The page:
Vietnamese and Australians. Brothers and sisters across the sea.

Just went to the shop to get some high carb goodies. It takes 2 minutes to walk there and 22 minutes to chat. The conversation starts with amusement behind the counter because I have been here twice today, and every second day for the past week. 

I hear “Good evening” in good English. Xin chau (hello). In a fit of overconfidence, I go for more… Chau buoi tot (good evening). Crap..that buoi was bad…they don’t know what I said. Buoi…bUoi. BuoI. So I go back to my native tongue…You have some English?

“Yes, just a little”. I pay for my drink. 

“Why do you visit Vietnam?” Hmmm…we are having an exchange of their fairly good English for my terrible Vietnamese. But how to answer?  I try to convey – It’s the people and the natural beauty. 

“Why not Thailand?” Without thinking too hard, I draw some $$ on a pad.

“Is Thailand a waste of money?” Meaning expensive, I think. So I indicate No, not expensive. This makes me think. What am I trying to say? Thailand is excellent. But there’s an intangible something extra about Vietnam. Maybe it’s just that everyone in Thailand works so hard – is there less time for friends? I express some of this with broken language, but it’s not very useful. To reinforce the point I wave my arm around to indicate that we are sitting around having an interesting chat. But I think the point is missed because my new friends don’t know of a workplace where you work all day. Workplaces here are very friendly and very social and very supportive. In Australia you might not have to work hard all day, but you have to look like you are working all day.  [http://www.beliefnet.com/columnists/idolchatter/2006/01/george-costanzas-ten-commandme.html]

“Thai people not friendly?” No, I try to explain, it’s not like that…it’s more like…..I look up the words for work, then say Work, money, work, money. There is agreement from my companions that too much work isn’t good. They seem to have heard that people in some countries are very serious about work. On the other hand, Australians and Vietnamese have a deep understanding of work-life balance. We may not achieve balance as much as we’d like, but if we had the chance we’d be anywhere except work.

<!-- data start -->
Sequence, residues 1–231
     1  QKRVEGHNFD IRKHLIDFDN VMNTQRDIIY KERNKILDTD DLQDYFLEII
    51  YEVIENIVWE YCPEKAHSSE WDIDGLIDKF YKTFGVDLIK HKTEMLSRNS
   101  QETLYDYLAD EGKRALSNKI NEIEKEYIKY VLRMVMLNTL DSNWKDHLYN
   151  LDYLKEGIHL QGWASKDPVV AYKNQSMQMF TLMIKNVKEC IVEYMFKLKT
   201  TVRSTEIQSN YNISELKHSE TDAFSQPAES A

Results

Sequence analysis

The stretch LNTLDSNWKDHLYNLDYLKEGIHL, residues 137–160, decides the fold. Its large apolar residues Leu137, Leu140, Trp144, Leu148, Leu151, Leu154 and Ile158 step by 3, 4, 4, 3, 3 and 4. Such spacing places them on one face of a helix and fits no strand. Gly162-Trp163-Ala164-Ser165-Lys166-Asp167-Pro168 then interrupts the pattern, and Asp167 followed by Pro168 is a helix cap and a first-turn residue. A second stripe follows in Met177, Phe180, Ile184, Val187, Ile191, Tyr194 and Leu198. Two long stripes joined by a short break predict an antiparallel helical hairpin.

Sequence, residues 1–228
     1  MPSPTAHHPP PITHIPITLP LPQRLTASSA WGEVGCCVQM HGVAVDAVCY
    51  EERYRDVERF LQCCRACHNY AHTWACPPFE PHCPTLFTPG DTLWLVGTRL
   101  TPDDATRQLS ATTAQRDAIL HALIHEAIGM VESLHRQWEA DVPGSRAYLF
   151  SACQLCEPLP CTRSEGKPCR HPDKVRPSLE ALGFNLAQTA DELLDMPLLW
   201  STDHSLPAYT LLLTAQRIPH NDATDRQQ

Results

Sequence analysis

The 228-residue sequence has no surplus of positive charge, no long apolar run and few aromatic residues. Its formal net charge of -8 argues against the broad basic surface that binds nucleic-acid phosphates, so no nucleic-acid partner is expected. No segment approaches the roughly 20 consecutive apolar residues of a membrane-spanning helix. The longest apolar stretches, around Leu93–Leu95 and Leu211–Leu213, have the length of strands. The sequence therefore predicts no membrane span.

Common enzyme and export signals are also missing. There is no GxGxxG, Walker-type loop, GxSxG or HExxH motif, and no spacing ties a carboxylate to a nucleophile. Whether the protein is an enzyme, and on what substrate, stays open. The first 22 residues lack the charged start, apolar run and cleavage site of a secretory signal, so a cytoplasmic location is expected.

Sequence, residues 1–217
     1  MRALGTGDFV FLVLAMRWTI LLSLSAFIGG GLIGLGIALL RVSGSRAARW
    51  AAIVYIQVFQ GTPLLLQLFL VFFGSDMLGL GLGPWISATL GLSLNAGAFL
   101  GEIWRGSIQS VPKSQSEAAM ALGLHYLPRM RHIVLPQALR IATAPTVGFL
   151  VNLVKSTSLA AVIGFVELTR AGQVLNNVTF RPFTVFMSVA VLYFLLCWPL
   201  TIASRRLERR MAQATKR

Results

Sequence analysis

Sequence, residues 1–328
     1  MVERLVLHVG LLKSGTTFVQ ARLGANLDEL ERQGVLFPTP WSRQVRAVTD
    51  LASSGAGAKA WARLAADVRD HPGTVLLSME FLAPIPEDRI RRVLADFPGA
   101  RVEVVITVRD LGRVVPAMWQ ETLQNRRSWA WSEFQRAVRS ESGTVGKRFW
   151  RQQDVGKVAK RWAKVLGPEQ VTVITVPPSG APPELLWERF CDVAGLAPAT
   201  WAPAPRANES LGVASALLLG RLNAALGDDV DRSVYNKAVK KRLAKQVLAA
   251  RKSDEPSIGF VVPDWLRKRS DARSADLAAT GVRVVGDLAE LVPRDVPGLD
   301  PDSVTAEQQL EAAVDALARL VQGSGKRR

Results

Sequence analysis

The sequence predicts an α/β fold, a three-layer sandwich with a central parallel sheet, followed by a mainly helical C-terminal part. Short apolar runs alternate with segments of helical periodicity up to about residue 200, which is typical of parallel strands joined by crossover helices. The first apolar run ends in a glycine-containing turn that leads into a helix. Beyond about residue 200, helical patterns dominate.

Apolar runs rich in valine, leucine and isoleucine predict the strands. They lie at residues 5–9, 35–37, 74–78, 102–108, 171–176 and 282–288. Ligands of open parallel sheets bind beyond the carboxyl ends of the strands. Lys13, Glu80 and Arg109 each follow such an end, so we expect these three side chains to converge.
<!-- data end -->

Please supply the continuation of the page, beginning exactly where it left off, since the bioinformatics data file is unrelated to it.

“How long do you stay in Vietnam?” Eight weeks. Weeks. Weeks. My tones are rubbish. This word “tuan” is tricky. 

“Oh”. 

Two Asian customers come in and buy 2 minute noodles. They are asking about chopsticks and forks and I help a bit – because they have no Vietnamese language. It took me a few seconds to realise that Vietnamese people have no idea what “chopsticks” are, and no matter how often the Asian guys ask for “chopsticks” they weren’t going to get them. In any case, there’s a fold-out fork in their noodle cup.

We go back to more chat. There are lots of laughs and some photos. As I start saying goodbyes, the guy in the photo below exchanges some low and high fives. Then a prank – I put my hand out for the woman in the middle to give me a low five, and as she thinks about what she needs to do and prepares to give me a good solid five, I move my hand away just as she swipes past. We are almost wetting ourselves. 

Brothers and sisters across the sea. Check them out. The smiles on these jokers. I swear it’s true. Same funny bone, all of us.

Thank you my dear readers. Yahoo !

Hello.

A sincere thank you for being here. This humble blog is growing wings and taking off – it is being read by more and more people every week, with no end in sight to the rise in popularity.This graph shows the number of readers and number of articles read on a weekly basis. Almost a 10-fold increase since April. Yahoo !

Buckle up, ease back, open your mind and put your helmet on, because the travel and photos and stories are getting better and better.

Quick tip. Better than a rubber band.

Hi. Ziplock bags are great for keeping stuff dry. Especially flat stuff like a passport, notes, books and money. But some stuff is bulky, has it’s own bag, and just needs a rubber band. Today I needed a big one to close a bag of muesli. Almost a kilogram of muesli. But no rubber band. Bugger. An open bag of muesli would make a diabolical mess in my bag. Cable tie? Not reusable. Shopping bag? Ok, but doesn’t seal.

Eureka! Use the drawstring out of a cheap glasses pocket thing (free with $3 Vietnamese Ray-Bans). It is stronger than a rubber band, works on small and large bags, and opens and closes easier.